Math Education Concepts

Inspiring Motivating Empowering



I recently read Fermat’s Enigma, written by Simon Singh.  It tells the story of the quest to prove Fermat’s Last Theorem, the last of Fermat’s conjectures to be proven.  Singh covers the story from the inspiration of the conjecture (Pythagoras’ time), through the time Fermat wrote the conjecture in the margins of Arithmetica, through the proof of the conjecture by Andrew Wiles.  I read this book because I wanted to know more about Fermat’s Last Theorem (FLT), but as I read along, I found myself critiquing the book.

My initial impression of the book, prior to reading it, was that it would be filled with a non-mathematicians’ attempt to explain mathematical concepts.  Then, I re-read the blurb about Singh in the beginning of the book and was reminded that he is a Physicist and, most likely, had a mathematical background.  I’m not sure how a non-mathematician would feel about reading Fermat’s Enigma, but I don’t think they’ll get the same enjoyment as a mathematician would.

One theme throughout Fermat’s Enigma is Singh’s peep into the world of mathematics and mathematicians.  The book tells the story of one man’s enjoyment of puzzles and riddles, hundreds of attempts to prove FLT, dozens of brilliant minds collaborating, and one man’s childhood dream come to fruition.  In telling the story, Singh covers a wide range of mathematics history.  This was an unexpected treat for me.  In addition to learning about the FLT story, I also got a brief account of a segment of mathematics history.

While covering the FLT story, Singh, along with John Lynch, a television editor, spent months talking with Andrew Wiles, conducting interviews with other mathematicians, and researching the history of FLT to give as accurate an account as they could about Fermat’s Last Theorem.  The intent of Lynch, with the help of Singh, was to create a television documentary of the story.  I haven’t seen the documentary, but I am satisfied with having read the book.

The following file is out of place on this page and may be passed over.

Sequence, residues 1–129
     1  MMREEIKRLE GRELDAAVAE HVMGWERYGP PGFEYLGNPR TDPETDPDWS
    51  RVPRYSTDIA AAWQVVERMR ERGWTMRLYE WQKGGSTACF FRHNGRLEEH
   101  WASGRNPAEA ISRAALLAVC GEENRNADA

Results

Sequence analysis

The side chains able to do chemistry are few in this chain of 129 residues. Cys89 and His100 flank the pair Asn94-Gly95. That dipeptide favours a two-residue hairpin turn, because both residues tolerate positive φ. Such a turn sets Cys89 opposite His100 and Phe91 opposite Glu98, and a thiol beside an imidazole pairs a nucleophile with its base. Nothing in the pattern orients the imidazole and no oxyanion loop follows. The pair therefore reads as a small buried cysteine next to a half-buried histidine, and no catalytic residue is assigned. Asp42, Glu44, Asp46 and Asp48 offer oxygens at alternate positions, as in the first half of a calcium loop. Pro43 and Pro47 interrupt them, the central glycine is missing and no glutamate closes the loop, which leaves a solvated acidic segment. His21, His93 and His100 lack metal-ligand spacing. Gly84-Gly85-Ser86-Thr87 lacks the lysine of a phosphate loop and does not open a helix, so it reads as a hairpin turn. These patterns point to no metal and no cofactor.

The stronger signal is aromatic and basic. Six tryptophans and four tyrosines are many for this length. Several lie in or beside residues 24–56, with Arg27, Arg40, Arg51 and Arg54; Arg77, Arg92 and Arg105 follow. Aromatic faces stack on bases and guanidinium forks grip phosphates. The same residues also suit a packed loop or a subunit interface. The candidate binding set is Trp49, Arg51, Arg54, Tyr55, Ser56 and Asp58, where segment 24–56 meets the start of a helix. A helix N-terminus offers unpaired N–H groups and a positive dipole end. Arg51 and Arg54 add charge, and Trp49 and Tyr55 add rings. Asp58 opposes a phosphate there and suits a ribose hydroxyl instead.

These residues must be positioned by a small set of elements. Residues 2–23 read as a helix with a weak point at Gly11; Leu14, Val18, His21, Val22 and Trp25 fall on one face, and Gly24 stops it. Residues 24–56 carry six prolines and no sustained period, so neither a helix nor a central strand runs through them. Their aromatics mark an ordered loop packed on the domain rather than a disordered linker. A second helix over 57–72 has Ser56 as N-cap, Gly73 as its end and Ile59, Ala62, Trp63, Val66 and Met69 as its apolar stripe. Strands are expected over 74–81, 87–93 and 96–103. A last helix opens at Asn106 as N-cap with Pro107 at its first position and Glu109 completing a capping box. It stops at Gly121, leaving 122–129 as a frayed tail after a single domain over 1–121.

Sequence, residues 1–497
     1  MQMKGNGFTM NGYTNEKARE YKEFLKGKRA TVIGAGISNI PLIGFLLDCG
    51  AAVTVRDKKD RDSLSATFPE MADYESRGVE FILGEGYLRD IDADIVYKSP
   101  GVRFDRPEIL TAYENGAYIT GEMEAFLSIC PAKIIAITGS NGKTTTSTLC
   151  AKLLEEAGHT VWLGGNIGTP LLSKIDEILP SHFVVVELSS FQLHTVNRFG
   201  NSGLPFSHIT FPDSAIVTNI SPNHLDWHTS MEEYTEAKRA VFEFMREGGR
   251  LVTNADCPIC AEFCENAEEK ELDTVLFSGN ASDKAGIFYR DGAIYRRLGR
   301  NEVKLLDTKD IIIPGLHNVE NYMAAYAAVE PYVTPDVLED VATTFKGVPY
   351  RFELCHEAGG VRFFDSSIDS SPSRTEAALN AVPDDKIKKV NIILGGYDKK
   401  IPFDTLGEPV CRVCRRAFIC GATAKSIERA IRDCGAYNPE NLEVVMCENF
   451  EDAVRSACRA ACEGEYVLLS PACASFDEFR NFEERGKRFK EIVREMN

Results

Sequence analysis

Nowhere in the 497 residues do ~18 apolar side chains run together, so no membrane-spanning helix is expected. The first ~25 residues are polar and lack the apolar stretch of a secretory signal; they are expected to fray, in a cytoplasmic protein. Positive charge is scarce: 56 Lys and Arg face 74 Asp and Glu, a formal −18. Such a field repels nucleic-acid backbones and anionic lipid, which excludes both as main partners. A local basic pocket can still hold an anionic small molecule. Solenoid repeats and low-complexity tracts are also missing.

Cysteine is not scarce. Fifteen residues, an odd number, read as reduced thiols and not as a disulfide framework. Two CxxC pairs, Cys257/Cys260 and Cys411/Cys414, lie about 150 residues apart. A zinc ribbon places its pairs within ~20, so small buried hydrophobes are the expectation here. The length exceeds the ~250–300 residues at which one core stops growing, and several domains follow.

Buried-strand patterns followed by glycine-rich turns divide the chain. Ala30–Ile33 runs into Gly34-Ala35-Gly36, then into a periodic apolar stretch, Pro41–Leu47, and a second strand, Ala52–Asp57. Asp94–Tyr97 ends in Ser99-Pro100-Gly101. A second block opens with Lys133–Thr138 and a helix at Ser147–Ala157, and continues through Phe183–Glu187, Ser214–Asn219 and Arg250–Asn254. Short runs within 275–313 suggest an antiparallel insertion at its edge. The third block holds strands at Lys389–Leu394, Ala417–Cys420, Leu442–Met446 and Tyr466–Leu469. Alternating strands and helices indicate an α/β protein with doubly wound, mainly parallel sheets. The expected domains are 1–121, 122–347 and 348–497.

As I read the “Epilogue”, I felt sad.  Maybe I wasn’t ready to stop reading Fermat’s Enigma, maybe I was empathizing with Wiles on his feelings of finally proving Fermat’s Last Theorem.  He said “There’s no other problem that will mean the same to me… Having solved this problem there’s certainly a sense of loss.” (p. 285)  I felt that my brief, less intense, obsession with reading this book was finally concluding.  I was so engrossed in it that I had to set my alarm so I wouldn’t miss appointments.  When I’d finally finished the book, I felt that I needed something else to capture my attention the way this story did.  At the same time, I felt a sense of relief.  It was finished.

Fermat’s Enigma is fun and easy to read.  It explores some common mathematical concepts as well as a fair share of mathematics history.  Some other benefits of the book are the proofs and examples given in the “Appendixes,” as well as the list of dozens of references in the “Suggestions for Further Reading” section.  As a math educator, I think this book is a must read.  It is an informative and resourceful account of a momentous event in recent mathematics history.  However, if a reader wants a concise, less dramatic, overview of the story of Fermat’s Last Theorem, this may not be the best choice.